The final score was 73-62 for the men and 91-78 for the women over UNBC, but the real winner at the Dinos’ basketball games on Nov. 24 was the environment.
Every year, students in Kinesiology 339 Natural Environment, Wellness and Health pick a sustainability project as a class service project. This term, the 50 students decided to work with Dinos Athletics to hold a waste free event at a Dinos’ basketball game (slide show).
“The whole class got really into it,” says Ailey Jarvis, one of the KNES 339 students. “It was an overall great experience for the whole class to learn that we can make a difference.”
The class split into six different groups—marketing, communications, measurement, evaluation and a half time group to come up some green themed games to engage the crowd when the players were off the court. A video group enlisted the help of some athletes to make a couple of videos to promote the waste free event (video 1 / video 2).
It was a lot of fun. And it kept a lot of waste from the landfill.
“The diversion rate was huge,” says Jarvis. “We measured all the garbage at an earlier game and then at the actual event on Nov. 24. We had a diversion rate of 67 per cent, which I think is absolutely fantastic — just by having people standing at the bins to direct to which bin to put the waste in.”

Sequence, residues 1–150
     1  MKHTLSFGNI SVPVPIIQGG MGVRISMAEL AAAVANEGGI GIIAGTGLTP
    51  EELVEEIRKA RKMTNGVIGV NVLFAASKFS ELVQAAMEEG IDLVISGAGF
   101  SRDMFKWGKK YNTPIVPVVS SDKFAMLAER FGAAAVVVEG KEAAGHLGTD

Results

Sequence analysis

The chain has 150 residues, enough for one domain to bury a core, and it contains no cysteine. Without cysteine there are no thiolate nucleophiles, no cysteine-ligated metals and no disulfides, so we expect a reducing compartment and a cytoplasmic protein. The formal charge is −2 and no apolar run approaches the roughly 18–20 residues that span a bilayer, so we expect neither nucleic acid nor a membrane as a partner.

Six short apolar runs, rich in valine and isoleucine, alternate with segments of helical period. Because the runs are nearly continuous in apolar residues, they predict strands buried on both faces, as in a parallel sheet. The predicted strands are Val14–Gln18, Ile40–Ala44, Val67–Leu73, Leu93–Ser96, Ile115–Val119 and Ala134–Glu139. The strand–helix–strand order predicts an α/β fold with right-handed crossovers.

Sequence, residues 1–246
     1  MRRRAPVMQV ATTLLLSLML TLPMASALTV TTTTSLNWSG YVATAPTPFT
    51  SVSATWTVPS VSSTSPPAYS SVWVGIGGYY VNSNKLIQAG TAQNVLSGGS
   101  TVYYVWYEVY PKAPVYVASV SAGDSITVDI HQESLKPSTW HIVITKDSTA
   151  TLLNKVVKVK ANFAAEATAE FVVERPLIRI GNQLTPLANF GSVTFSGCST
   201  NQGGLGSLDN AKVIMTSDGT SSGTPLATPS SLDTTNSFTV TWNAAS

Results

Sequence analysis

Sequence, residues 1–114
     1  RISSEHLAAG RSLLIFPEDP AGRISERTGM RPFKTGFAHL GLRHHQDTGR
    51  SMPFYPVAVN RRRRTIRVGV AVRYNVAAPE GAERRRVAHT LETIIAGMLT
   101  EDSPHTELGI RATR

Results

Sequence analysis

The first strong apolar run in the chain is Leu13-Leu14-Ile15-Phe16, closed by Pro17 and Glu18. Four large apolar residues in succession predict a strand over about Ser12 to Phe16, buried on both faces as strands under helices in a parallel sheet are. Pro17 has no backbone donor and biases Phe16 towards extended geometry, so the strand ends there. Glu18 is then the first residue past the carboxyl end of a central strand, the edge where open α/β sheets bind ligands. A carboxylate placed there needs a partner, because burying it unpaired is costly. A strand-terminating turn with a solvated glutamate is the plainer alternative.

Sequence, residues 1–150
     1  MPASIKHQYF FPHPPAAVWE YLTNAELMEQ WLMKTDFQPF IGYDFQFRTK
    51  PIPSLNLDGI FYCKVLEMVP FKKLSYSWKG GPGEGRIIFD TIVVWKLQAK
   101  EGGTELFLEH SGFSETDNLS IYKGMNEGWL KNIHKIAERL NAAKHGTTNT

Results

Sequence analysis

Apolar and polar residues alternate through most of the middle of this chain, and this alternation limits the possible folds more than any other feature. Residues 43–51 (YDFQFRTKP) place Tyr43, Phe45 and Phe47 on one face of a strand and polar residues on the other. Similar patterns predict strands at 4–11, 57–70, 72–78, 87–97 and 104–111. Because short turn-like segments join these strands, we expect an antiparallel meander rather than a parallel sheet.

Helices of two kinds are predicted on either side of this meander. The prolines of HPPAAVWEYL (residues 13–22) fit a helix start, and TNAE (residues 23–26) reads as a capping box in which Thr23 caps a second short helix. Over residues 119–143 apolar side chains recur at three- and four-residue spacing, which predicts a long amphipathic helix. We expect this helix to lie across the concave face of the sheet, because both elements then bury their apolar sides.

Jarvis says fans were encouraged to bring their own reusable beverage containers and those who brought their own buckets got free popcorn. “You could see in the stands that people had their own reusable containers,” says Jarvis. “It was really nice to see.”
It was also nice to see the KNES 339 students step up, says their instructor, Janice Cook. “I was really impressed. We talk a lot about leadership at the university and I thought it was great to see them develop as leaders,” says Cook.
Cook thinks the fans at the game learned about how to divert waste from the landfill — something her students picked up on the first day of class when she told them they weren’t allowed to bring disposable coffee cups or non-reusable water bottles into the classroom.
“Just being in that class in general, I feel like I am a little bit more environmentally conscious,” says Jarvis. “It really affected me.”
Spotlight on Sustainability is an ongoing series profiling the work of students, faculty and staff. To submit story ideas please contact the Office of Sustainability.